Good wood is hard to find (but easy to fake)

Bad wood can happen to the best of us. We've all been there – stumbling across the perfect piece at a thrift shop, rummaging through the ruins of a neighborhood garage sale to get a closer look. That's when you see it: the scratches, the dust, the dirt, the decades of damage ruining an otherwise beautiful piece of furniture or decor.

midcentury teak wood desk before

But it doesn't have to. I've yet to meet a scratch, discoloration or minor to moderate blemish that a good cleaning, oiling and waxing couldn't fix – or at least seriously improve. Pieces that came through the door dried, worn, dusty or dirty, all easily refreshed in 3 easy steps and just 20 minutes or less. 

You can, of course, get a much better result from fully stripping and refinishing or otherwise restoring a piece (or having someone else do it for you). But when you don't have the finishing chops (or time) to do it yourself, or if you'd prefer to keep some of the vintage patina and preserve the original finish, a little 3-step cleanup is the way to go. I'll usually do this to anything new I bring home while I wait on patience or money to come through for a full redo. 

Let's get started. 

mid century furniture refinishing supplies

The goods:

Murphy's oil soap (available at your local Ace, Home Depot or similar)

Minwax Teak Oil or Watco Danish Oil (purists will have their preference, I've had luck with both)

Howard's Feed-n-Wax 

Clean white rags (old Tshirts, kitchen towels are my go-to; paper towels tend to shed)

You can find most of the above at any good antique or furniture store, or your local hardware store. Shop small, shop local. If all else fails, order off Amazon at 2 am and buy your latte at the local coffee shop the next morning to make up for it. Karmic points and all.

Step 1: Using a clean white rag, clean the wood surface with Murphy's. I like to spray the cloth and then apply. You're done when you've successfully transferred dirt from the wood and into the rag. Dirty rag = clean wood.

vintage furniture refinishing murphy's oil soap after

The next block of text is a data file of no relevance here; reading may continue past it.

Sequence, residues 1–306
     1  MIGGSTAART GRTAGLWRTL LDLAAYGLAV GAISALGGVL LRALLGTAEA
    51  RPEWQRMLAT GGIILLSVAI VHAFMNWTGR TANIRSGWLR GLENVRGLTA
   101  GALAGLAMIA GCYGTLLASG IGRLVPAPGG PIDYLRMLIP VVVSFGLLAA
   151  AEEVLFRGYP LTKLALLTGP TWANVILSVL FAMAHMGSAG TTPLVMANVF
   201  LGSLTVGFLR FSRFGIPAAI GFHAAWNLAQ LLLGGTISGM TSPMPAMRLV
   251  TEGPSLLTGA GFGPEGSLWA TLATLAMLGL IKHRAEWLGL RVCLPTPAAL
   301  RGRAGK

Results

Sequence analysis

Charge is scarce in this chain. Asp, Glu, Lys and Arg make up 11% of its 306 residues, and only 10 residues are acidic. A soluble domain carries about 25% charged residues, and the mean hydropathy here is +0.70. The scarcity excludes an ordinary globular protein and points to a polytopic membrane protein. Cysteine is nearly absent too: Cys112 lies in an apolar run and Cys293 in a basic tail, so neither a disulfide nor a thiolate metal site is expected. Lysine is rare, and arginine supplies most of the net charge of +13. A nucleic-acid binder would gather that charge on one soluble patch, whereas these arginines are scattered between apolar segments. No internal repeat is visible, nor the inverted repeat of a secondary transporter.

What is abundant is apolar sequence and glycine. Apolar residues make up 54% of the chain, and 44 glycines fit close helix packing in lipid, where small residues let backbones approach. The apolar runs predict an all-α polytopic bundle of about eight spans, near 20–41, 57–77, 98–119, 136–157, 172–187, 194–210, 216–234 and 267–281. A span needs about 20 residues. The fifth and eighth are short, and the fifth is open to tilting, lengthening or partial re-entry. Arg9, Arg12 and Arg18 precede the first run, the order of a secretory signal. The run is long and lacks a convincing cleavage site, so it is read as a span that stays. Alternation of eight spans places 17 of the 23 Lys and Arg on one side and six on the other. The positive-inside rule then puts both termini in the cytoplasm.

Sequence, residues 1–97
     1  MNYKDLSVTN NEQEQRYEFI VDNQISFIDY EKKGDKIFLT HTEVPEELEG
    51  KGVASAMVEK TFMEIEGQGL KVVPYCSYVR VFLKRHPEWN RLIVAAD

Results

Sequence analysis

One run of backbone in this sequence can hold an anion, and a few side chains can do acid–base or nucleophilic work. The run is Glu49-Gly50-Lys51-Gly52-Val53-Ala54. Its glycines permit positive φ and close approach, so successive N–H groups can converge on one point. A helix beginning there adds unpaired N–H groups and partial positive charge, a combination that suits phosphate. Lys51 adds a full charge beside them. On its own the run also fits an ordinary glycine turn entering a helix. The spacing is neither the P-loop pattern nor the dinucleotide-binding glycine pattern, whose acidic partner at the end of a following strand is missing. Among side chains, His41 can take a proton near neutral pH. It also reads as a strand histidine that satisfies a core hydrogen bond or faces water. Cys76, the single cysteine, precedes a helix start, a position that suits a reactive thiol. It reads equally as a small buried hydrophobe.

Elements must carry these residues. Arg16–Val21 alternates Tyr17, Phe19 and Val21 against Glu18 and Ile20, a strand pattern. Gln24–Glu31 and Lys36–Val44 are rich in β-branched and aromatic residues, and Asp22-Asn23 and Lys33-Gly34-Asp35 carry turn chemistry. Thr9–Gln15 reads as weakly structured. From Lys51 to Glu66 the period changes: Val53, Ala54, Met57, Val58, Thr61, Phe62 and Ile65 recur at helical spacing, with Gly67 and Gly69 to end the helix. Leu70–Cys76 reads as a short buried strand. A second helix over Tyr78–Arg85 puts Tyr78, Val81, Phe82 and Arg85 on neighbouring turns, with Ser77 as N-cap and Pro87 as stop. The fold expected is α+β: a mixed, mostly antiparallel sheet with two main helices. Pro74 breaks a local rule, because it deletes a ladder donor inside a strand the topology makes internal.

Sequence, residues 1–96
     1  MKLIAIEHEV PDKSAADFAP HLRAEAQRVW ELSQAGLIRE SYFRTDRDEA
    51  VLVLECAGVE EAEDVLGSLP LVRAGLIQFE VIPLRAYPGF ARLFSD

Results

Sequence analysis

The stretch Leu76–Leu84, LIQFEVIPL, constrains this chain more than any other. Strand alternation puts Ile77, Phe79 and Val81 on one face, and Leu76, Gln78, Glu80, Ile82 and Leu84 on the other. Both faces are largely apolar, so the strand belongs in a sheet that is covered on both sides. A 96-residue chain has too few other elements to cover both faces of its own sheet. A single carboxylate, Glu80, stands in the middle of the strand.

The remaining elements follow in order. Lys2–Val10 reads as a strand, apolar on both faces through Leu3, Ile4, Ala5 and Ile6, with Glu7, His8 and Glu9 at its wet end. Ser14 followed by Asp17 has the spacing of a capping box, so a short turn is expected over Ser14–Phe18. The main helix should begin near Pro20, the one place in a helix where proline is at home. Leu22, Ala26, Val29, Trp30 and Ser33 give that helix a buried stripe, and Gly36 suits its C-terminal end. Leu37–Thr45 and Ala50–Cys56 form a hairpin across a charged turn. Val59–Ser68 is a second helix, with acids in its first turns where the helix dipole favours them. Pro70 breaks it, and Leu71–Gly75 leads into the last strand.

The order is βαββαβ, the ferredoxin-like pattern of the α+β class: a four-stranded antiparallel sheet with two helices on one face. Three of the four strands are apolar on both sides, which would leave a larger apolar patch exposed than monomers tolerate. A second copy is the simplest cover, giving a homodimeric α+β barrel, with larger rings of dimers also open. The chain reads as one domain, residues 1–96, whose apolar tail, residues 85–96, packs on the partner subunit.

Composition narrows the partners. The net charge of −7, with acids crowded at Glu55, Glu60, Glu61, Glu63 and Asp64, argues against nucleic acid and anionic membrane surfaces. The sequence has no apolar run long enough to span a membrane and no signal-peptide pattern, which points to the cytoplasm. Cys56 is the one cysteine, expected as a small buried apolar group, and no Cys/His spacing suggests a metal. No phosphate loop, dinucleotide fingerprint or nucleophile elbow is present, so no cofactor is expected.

Step 2: Apply a small amount of oil to a clean white rag (double dipping between cleaners & oils discouraged). A little goes a long way and gloves don't hurt here (your hands will thank you). Gently rub into the clean wood, reapplying oil to rag as needed, until entire surface is lightly oiled. Wipe off any excess with a clean corner of the rag.

Let dry. It shouldn't take long, especially on larger pieces that require more time to cover, but you can always go the cautious route and let it sit overnight. I usually store my rags in plastic bags so I can reuse them later or wipe off any excess that doesn't dry without having to dirty another rag. Faded white Ts are a hot commodity in our house. 

vintage furniture refinishing teak oil after

Step 3: Shake bottle of Howard's well, getting the wax and oil to blend. Apply a small amount (penny or less) of Howard's  Feed-n-Wax to a clean white rag. Gently rub into the cleaned and oiled wood. Add more wax to rag and repeat until the entire surface is waxed. Wipe off excess and let dry completely. I like to air it out overnight in my porch to get any lingering oil vapors loose.

vintage furniture refinishing howards feed n wax after

Couple of notes: 

- This works best for furniture, similar large pieces or decor. The oil can have a bit of an odor, so it's always best to take proper breathing precautions and do all of the above in a nice ventilated room or garage. And of course, avoid using oil on anything that might come into contact with flame (e.g. candleholders) or food (e.g. bowls).

- To refresh wood dinnerware, serving pieces or items that might come into contact with flame (see above), opt for a standard dish soap and warm water cleaning followed with a coat or two of food-safe mineral oil. You can buy this at most hardware or drugstores (or IKEA) and can reapply as needed.

Tip: Buying something called "mineral oil" in a nondescript jug at the drugstore can be up to $10 cheaper than buying fancy kitchen-specific mineral or cutting board oil. Don't be fooled – in most cases, it's the exact same thing with a nicer label. The power of advertising.